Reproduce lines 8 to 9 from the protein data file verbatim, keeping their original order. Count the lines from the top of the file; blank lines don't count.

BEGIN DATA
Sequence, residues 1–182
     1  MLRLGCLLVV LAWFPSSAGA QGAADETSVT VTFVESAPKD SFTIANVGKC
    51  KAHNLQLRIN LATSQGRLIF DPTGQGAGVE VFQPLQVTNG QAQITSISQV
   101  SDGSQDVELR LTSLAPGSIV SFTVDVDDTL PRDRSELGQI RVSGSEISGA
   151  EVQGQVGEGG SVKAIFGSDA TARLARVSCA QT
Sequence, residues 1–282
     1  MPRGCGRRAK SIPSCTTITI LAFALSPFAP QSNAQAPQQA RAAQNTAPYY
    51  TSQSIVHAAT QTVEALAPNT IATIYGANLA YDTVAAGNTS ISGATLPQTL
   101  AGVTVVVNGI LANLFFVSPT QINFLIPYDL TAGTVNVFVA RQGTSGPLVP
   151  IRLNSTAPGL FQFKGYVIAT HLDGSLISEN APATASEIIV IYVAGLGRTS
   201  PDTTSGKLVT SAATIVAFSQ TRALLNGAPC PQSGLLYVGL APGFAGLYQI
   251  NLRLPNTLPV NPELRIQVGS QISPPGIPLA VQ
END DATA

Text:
    51  TSQSIVHAAT QTVEALAPNT IATIYGANLA YDTVAAGNTS ISGATLPQTL
   101  AGVTVVVNGI LANLFFVSPT QINFLIPYDL TAGTVNVFVA RQGTSGPLVP